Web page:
bindweed, Bindweed flower, British flora, British wildflowers, Field bindweed, Hedge bindweed, Large bindweed
There are, in fact, five species of bindweed in Britain but I’ve only encountered three so far. One, the Field bindweed (Convolvulus arvensis) is, I think, the easiest to identify: it’s quite small, and its flowers are a delicate swirl of pink and white (as shown below).
Then there are the two bindweeds that have large white flowers, Hedge bindweed (Calystegia sepium) and the aptly named Large bindweed (Calystegia silvatica). To my untrained eye, these two look remarkably similar but I have recently learnt how to tell them apart so I thought I’d share that little snippet of knowledge. My wildflower key tells me that Hedge bindweed has an epicalyx of 2 bracteoles that don’t (or scarcely) overlap, whereas the Large bindweed has strongly inflated, overlapping bracteoles. Okay, so you might now be thinking, “Huh?” Well, the photos below show the difference: Hedge, left, and Large, right. Easy now, right?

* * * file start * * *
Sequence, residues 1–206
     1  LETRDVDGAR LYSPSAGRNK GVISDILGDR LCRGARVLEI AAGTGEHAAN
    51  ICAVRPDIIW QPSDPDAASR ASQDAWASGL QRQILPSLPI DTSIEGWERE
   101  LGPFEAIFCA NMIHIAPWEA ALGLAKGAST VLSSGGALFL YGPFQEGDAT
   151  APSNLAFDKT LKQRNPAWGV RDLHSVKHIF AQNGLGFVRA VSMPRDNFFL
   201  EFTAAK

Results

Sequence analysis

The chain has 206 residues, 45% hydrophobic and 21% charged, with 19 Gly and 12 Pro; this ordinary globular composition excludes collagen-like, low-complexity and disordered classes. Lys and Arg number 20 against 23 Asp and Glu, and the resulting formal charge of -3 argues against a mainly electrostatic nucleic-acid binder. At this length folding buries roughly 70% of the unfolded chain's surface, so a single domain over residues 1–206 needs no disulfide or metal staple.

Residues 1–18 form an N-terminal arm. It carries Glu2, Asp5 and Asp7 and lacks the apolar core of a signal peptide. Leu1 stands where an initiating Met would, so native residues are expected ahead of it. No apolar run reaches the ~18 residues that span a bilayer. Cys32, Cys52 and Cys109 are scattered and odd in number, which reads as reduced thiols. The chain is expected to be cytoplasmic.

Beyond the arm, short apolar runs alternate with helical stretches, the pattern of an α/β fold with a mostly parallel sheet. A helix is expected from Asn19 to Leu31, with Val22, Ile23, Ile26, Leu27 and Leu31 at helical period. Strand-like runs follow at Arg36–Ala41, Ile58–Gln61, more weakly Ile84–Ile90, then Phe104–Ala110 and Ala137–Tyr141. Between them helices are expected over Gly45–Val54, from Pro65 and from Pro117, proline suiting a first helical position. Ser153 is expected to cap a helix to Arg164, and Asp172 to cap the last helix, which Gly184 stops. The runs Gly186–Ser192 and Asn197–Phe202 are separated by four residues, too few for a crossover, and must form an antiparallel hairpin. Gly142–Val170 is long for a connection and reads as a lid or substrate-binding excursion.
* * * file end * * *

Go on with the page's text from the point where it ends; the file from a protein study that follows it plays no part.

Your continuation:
Oh, and one more thing I found out while looking at all those bindweeds. The flowers often look like a little fairy has come along and snipped pretty patterns in their petals with miniature scissors. A fanciful idea I admit, but it’s almost true – these have been created by bees and other insects desperate to get at the sweet nectar inside so they cut their way into the flower bud before it opens.
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